“Whether we’re talking about socks or stocks, I like buying quality merchandise when it is marked down” – Warren Buffett
The current market volatility brings up the age old question – buy, hold, or sell? Falling markets give investors a unique opportunity to buy high quality stocks at deep discounts. At the end of the day, stocks are not just flashing signals on our computer monitors. They are operating (and very often thriving) businesses, that one day “the market” thinks should be priced lower than what they might be worth, and that is what creates the conditions for buying at a discount. It is highly unlikely that on a down market day, all the businesses on the exchanges actually became worth less than what they were the day before. It simply means that they are trading at a discount because of market forces and “group think”, that is hard to fathom. However, as value investors, we favor high quality stocks that are priced at a discount to their intrinsic value, and that is where market corrections should present a welcome buying opportunity, rather than induce fear.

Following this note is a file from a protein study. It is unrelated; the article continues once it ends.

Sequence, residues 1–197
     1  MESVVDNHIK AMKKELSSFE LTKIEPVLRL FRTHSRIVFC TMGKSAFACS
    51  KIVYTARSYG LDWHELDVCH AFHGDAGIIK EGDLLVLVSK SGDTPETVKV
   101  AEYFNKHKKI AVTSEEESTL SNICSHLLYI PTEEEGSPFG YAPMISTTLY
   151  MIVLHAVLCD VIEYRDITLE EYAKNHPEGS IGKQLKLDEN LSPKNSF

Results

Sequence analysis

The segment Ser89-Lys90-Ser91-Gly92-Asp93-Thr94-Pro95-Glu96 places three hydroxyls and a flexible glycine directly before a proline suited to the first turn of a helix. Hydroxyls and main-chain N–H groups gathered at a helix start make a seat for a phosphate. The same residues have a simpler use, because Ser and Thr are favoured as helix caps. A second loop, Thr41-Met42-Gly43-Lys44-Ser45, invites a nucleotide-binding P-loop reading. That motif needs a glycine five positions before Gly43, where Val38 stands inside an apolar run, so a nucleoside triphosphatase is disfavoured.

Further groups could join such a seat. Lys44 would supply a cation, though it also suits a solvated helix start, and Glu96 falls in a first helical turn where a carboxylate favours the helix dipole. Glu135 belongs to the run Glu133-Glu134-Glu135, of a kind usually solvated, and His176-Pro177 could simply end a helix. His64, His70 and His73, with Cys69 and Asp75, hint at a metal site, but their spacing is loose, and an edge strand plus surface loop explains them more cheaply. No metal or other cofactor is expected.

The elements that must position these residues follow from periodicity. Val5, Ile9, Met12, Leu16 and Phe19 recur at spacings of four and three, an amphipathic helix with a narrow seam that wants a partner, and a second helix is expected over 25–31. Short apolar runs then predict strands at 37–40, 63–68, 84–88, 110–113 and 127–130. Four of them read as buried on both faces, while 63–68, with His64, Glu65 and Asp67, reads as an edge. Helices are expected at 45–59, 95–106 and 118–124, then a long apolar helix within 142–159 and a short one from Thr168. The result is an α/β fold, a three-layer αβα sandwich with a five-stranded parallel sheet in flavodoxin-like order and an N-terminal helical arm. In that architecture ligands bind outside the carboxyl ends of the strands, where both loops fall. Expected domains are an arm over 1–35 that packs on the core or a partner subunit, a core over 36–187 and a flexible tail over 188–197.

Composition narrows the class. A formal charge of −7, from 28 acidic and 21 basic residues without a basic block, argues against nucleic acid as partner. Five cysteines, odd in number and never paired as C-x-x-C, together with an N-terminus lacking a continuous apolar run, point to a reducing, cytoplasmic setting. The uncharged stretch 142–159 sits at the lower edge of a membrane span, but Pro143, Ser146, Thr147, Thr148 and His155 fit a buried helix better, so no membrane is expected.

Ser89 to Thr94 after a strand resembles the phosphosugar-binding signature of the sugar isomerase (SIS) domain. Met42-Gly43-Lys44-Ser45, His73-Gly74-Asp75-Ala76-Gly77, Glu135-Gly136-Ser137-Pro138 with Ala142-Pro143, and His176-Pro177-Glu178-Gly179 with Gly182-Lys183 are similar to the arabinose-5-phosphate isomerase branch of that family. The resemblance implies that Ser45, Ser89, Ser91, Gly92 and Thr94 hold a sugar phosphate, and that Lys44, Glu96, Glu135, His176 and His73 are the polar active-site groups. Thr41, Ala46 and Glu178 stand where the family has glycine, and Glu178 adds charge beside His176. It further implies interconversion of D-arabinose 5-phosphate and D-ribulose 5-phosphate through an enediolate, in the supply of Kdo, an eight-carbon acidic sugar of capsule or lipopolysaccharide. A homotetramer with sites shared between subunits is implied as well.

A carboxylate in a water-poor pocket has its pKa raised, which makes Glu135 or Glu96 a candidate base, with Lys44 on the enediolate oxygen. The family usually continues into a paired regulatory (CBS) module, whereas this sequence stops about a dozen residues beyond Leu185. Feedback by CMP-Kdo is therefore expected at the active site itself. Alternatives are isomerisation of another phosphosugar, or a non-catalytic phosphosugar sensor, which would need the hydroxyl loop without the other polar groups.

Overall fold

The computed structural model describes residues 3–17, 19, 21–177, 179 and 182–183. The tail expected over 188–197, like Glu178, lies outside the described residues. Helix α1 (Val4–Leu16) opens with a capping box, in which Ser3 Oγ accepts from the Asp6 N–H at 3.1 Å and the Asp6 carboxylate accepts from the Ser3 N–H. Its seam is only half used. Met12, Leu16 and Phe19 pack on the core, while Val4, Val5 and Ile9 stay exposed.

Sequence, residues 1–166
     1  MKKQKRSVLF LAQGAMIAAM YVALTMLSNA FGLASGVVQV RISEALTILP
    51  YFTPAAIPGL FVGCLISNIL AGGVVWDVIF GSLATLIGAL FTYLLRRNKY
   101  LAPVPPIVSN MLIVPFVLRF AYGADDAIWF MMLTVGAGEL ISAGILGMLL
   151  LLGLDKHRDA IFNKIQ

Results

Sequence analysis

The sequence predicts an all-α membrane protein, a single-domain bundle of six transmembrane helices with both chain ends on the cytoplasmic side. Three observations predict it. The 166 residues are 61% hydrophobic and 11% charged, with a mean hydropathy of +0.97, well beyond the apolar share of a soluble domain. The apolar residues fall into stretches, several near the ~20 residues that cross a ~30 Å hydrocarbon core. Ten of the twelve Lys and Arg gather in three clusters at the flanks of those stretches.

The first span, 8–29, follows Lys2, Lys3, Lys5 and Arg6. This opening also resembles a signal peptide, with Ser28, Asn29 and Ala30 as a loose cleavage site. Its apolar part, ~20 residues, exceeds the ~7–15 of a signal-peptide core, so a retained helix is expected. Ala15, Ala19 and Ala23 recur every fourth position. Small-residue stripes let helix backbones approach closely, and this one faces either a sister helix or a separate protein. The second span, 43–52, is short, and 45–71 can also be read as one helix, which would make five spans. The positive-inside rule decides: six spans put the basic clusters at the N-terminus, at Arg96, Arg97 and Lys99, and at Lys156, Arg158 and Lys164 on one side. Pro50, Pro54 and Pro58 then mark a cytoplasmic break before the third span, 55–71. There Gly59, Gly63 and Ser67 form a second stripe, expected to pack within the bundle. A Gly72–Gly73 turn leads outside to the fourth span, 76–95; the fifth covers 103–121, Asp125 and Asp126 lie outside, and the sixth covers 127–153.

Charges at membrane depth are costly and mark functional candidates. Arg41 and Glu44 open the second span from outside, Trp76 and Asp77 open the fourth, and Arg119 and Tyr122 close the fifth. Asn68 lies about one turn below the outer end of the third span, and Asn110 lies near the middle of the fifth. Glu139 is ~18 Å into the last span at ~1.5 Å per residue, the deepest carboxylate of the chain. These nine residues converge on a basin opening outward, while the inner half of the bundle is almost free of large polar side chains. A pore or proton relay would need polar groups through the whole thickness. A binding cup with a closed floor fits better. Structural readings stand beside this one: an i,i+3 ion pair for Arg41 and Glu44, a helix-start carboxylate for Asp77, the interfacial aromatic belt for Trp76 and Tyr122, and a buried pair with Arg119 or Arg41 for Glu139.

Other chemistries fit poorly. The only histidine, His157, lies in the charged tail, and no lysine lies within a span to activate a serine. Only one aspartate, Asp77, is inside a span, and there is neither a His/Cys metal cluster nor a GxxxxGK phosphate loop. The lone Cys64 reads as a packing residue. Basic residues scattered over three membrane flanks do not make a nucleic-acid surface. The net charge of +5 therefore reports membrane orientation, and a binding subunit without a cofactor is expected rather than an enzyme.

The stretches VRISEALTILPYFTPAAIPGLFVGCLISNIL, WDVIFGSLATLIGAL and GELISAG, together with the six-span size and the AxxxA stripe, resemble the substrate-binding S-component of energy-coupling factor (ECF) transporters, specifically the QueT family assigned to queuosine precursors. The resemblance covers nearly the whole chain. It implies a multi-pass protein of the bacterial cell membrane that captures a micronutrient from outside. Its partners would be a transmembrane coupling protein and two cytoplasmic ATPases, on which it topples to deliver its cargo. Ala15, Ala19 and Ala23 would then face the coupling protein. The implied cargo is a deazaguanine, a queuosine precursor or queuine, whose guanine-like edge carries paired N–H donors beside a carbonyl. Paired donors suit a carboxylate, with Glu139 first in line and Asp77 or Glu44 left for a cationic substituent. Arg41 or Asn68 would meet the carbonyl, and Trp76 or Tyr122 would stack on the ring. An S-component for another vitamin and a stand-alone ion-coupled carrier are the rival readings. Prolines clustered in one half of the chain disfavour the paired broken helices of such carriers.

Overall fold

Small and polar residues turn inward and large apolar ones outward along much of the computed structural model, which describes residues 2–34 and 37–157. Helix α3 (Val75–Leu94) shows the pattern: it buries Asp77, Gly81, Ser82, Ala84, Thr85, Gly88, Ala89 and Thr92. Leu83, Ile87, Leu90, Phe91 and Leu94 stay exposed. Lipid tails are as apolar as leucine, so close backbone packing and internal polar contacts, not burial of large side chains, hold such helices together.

As the popular adage goes- If you love a stock at a particular price, you should love it even more at a lower price.
Market corrections of -5% or more have occurred about 3 times a year based upon previous history, -10% about once a year, and a bear market with -20% about every 4 years. So such drops are by no means unusual occurrences. We have no way to predict these, mostly news driven, episodes. And it does not make sense to abandon one’s investments based simply based upon the actions of what is essentially, a flock of investors all fleeing at the same time. That sort of behavior leads inevitably to “buy high and sell low”. It is smart to not buy a stock immediately when it has a huge rise, or sell on the day that it is falling.
As Ben Graham said, ‘In the short-run, the market is a voting machine -but in the long-run, the market is a weighing machine.”
The best defense to choppy markets is to have solid buy and sell rules written down ahead of time, and to follow them with a long term focus in mind.
– Toni DasGupta
Portfolio Manager, VVF